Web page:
(Editor’s note: This is Part 2 of a series on the importance of a proper education. Part 1 can be read here.)
A few weeks ago in Part 1, I finished by discussing how Thomas Jefferson distinguished the U.S. from other countries in asking, “What but education has advanced us beyond the condition of our indigenous neighbors?”
But is today’s public education what he and other founders were imagining it could be back then?
The answer is: Yes and no.
Yes, Jefferson foresaw that public education would teach a broad range of basics. But, no, he didn’t imagine academia would be run by the federal government or that it would turn into limited indoctrination camps for political correctness and secular progressivism.
There was nothing more important for Thomas Jefferson than the education of the public. For him, the preservation of our very republic was dependent upon it.
As far back as 1787, he wrote to James Madison: “Above all things I hope the education of the common people will be attended to; convinced that on their good sense we may rely with the most security for the preservation of a due degree of liberty.”
And nearly 25 years later in 1810, after two terms as president, he penned, “No one more sincerely wishes the spread of information among mankind than I do, and none has greater confidence in its effect towards supporting free and good government.”
In 1816, he further noted, “Enlighten the people generally, and tyranny and oppressions of body and mind will vanish like evil spirits at the dawn of day. … I believe it [human condition] susceptible of much improvement, and most of all, in matters of government and religion; and that the diffusion of knowledge among the people is to be the instrument by which it is effected.”
And only four years before his death in 1822, Jefferson said, “I look to the diffusion of light and education as the resource to be relied on for ameliorating the condition, promoting the virtue, and advancing the happiness of man.”
For Jefferson, ignorance would cost communities and our country much more than any costs for education. Again, he wrote, “Now let us see what the present primary schools cost us, on the supposition that all the children of 10, 11, and 12 years old are, as they ought to be, at school: and, if they are not, so much the work is the system; for they will be untaught, and their ignorance and vices will, in future life cost us much dearer in their consequences, than it would have done, in their correction, by a good education.”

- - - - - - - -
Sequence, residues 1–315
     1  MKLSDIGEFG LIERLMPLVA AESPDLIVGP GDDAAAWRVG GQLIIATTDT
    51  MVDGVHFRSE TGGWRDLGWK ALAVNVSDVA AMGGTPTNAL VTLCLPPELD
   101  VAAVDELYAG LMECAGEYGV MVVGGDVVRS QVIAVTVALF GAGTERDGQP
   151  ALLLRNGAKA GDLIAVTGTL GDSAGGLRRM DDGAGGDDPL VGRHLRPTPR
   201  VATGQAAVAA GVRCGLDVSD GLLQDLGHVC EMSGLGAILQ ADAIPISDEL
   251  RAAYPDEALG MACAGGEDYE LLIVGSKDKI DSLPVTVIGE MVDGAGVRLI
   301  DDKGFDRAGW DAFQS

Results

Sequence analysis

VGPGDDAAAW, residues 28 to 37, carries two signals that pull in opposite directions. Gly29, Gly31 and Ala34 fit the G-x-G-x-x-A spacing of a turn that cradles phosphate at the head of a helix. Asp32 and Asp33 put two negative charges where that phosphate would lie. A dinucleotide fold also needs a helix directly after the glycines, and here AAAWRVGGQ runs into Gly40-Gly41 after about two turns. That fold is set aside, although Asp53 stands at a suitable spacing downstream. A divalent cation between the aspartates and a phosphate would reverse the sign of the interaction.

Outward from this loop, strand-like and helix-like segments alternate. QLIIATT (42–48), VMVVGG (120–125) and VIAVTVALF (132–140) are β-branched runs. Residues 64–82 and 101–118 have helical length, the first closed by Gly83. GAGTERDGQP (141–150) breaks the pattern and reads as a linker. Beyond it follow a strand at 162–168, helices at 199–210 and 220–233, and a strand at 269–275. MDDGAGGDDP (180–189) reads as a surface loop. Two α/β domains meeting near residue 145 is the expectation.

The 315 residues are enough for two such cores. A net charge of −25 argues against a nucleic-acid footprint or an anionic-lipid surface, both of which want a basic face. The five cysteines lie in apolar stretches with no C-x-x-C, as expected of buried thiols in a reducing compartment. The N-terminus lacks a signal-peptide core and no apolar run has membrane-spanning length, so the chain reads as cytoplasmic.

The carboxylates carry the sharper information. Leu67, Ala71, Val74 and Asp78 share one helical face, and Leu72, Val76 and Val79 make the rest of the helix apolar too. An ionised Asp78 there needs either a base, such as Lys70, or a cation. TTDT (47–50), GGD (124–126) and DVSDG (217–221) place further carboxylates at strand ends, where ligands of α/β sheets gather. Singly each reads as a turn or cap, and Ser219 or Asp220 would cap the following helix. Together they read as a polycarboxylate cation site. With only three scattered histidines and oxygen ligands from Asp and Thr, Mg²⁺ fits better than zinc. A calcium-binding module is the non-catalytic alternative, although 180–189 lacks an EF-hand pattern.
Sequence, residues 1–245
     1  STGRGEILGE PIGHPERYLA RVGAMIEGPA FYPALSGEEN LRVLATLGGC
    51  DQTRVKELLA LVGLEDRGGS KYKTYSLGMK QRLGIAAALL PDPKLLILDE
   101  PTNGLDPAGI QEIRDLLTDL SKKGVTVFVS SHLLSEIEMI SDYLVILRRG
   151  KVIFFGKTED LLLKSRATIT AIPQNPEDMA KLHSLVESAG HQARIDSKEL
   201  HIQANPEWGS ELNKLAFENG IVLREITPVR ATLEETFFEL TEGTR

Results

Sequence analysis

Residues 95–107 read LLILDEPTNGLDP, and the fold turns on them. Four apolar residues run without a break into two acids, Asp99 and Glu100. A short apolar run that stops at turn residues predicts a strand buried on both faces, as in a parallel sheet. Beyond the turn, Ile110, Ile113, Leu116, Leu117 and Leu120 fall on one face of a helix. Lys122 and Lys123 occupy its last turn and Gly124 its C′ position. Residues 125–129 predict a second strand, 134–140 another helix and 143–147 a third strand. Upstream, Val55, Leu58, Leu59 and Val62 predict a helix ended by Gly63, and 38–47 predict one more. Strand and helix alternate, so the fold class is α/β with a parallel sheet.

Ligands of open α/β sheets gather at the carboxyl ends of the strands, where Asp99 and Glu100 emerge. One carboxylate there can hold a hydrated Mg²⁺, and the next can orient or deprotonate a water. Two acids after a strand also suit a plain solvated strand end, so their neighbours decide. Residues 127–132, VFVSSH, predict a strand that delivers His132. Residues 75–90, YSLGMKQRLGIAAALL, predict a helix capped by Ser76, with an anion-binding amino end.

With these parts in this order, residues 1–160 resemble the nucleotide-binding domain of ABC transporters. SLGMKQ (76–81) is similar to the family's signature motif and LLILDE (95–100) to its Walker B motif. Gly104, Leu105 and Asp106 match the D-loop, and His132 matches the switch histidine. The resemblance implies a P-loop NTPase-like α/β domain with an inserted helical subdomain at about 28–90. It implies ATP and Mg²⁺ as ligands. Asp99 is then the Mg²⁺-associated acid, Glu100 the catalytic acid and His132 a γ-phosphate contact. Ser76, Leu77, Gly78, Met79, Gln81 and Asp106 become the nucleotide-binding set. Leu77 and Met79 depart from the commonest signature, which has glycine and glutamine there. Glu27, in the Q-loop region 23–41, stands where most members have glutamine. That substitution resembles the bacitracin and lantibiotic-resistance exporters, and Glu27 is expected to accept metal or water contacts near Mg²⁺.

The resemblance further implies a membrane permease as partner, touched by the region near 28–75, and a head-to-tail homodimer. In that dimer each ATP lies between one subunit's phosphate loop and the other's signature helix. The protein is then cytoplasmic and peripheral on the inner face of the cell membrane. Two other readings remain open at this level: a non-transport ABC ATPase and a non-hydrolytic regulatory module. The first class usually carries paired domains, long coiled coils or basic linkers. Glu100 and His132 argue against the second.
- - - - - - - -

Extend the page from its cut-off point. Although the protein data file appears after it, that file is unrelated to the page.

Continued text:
Washington’s own Library of Congress website, under the title, “Well-informed people can be trusted with self-government,” explains, “The ability of people to govern themselves was a major goal of education in Jefferson’s mind. The new Federal Constitution of the United States ‘and a submission to it’ proved to Jefferson that ‘whenever the people are well-informed, they can be trusted with their own government; that whenever things get so far wrong as to attract their notice, they may be relied on to set them to rights.'”
On this basis, Jefferson espoused a complete broad range of education: “A system of general instruction, which shall reach every description of our citizens from the richest to the poorest, as it was the earliest, so will it be the latest, of all the public concerns in which I shall permit myself to take an interest.”
Jefferson defined education’s scope in this respect: “The objects of this primary education determine its character and limits. These objects are To give to every citizen the information he needs for the transaction of his own business; To enable him to calculate for himself, and to express and preserve his ideas, his contracts and accounts, in writing; To improve by reading, his morals and faculties; To understand his duties to his neighbors and country, and to discharge with competence the functions confided to him by either; To know his rights; to exercise with order and justice those he retains; to choose with discretion the fiduciary of those he delegates; and to notice their conduct with diligence, with candor and judgment; And, in general, to observe with intelligence and faithfulness all the social relations under which he shall be placed. To instruct the mass of our citizens in these, their rights, interests and duties, as men and citizens, being then the objects of education in the primary schools, whether private or public, in them should be taught reading, writing and numerical arithmetic, the elements of mensuration … and the outlines of geography and history.”
Educating the public with the basic subjects of reading, writing and arithmetic is about the extent to which Jefferson would agree with our modern public educational system.
In Part 3, I will explain at least three grave differences Jefferson and other founders would have had with today’s public education system.